TGR: John Williams of ShadowStats believes that true unemployment numbers in the United States are somewhere closer to 20%. Where do you peg unemployment?
MA: Williams could well be right. If you look at unemployment coupled with underemployment, you probably get something close to 16% under the so-called “U6″ measure. Of course, that discounts the fact that a lot of people have just given up looking for work, so we could be closer to Depression-like levels.
TGR: He actually does take that into account.
MA: He does, but most conventional statistics do not. There are people between the ages of 55 and 65 who will likely never find decent long-term employment again. It’s a tragic position. I don’t see it getting sorted out given the current configurations of policy and the current political configuration in the U.S. Congress.
TGR: You’ve penned a number of articles about the economic situation in the EU. In one entitled, The United States of Europe, or Full Exit from the Euro?, you discuss the growing disconnect between various EU countries and the possible end of the euro as a currency. How is the situation in the EU with the euro affecting the gold price?
MA: I think it has had a benign impact on the gold price in that we’ve got a situation wherein the very existence of a major currency union has come into question. I think a number of people have decided to buy gold as a consequence, as a kind of insurance policy. They’ve said, “We don’t know if we’re going to have a euro. We don’t know if we’re going back to a debased drachma or a Portuguese escudo, so let’s buy gold.” It helps to create a marginal bid in the marketplace.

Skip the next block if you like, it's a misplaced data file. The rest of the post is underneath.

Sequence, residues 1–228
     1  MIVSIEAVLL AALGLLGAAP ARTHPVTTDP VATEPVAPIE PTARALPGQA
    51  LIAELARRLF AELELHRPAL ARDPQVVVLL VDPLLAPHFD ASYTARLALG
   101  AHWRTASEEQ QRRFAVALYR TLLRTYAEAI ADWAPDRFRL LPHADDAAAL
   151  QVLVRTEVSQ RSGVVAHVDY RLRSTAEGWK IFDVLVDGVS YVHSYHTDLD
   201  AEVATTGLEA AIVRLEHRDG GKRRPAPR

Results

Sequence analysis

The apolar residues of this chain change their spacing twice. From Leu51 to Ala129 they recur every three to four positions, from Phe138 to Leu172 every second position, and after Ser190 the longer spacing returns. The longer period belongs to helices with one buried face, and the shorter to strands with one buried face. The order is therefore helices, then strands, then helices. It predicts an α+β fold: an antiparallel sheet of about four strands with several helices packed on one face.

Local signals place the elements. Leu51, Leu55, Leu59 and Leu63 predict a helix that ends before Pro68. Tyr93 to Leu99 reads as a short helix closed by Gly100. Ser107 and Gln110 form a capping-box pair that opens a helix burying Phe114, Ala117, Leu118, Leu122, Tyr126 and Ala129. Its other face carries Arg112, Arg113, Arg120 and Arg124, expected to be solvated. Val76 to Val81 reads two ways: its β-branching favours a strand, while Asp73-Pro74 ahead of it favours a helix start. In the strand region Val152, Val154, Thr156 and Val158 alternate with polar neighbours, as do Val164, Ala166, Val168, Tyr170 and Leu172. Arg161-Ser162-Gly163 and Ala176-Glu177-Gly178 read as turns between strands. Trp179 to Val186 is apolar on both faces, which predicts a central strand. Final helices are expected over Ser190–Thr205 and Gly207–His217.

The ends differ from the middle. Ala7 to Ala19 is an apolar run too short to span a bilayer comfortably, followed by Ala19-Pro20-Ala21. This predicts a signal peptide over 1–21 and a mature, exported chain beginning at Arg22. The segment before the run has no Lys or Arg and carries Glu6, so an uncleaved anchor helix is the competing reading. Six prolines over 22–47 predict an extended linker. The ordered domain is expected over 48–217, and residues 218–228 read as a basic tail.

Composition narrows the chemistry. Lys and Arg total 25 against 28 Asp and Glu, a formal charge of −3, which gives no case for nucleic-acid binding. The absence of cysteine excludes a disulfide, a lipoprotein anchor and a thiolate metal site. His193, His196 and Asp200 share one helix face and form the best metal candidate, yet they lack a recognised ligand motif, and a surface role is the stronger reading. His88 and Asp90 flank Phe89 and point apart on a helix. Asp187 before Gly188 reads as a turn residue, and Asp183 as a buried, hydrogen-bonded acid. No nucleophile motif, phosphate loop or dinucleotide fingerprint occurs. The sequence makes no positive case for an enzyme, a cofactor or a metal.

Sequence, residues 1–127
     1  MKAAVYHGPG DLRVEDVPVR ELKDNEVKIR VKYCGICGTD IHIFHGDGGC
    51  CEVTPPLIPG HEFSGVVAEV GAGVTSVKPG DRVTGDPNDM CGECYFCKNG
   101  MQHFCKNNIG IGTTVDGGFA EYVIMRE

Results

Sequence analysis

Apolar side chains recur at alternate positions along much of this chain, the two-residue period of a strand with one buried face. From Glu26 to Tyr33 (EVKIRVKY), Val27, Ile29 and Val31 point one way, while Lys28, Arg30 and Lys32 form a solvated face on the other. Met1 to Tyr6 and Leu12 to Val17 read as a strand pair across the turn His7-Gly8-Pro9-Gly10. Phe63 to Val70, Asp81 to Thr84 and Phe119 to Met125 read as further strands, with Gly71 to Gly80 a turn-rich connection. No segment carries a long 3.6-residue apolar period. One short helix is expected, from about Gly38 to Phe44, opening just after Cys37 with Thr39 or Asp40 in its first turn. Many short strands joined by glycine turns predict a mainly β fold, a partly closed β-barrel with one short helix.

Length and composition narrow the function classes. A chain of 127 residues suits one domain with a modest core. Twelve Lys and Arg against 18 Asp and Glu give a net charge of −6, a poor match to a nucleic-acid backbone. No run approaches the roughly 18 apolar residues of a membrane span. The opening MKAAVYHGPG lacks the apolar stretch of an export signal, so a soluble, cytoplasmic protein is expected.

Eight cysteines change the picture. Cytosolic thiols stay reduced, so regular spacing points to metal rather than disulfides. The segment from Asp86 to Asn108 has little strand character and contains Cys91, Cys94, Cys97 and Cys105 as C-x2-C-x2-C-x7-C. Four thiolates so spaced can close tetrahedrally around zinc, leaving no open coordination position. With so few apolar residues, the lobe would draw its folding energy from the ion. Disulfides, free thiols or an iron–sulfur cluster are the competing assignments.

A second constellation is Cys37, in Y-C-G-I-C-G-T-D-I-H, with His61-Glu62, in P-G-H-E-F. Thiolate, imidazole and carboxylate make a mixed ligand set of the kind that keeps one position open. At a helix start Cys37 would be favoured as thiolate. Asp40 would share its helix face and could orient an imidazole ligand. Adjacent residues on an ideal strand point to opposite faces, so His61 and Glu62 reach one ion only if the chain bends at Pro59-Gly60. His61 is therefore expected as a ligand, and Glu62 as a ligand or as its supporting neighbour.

In fact, the overall macroeconomic backdrop has been very positive for gold in the sense that you’ve now destroyed the myth of the omnipotent central banker. I think a rising gold price is generally associated with a vote of no confidence in the official sector. There has also been some concern about all this so-called monetary expansion being a precursor to some form of hyperinflation, which I think is highly misconceived. But all those things have helped gold in the short term.
TGR: What about inflation’s impact on the gold price?
MA: I don’t think inflation per se is a problem. Food and energy price increases have been significant and they are real. I’m not trying to diminish their importance; but in the absence of income and job growth, people have to heat their homes, fuel their cars and feed their families. That just means more discretionary income is tied up in those areas, which means less discretionary income for retail, restaurants, etc. I think the ultimate impact is deflationary rather than inflationary.
Also, the high rates of unemployment are not going anywhere. Labor has no pricing power. There’s no generalized increase of consumer price inflation. As that perception grows, the marginal bid could be taken out of the gold market for a while, which is why I am cautious on the gold price short term.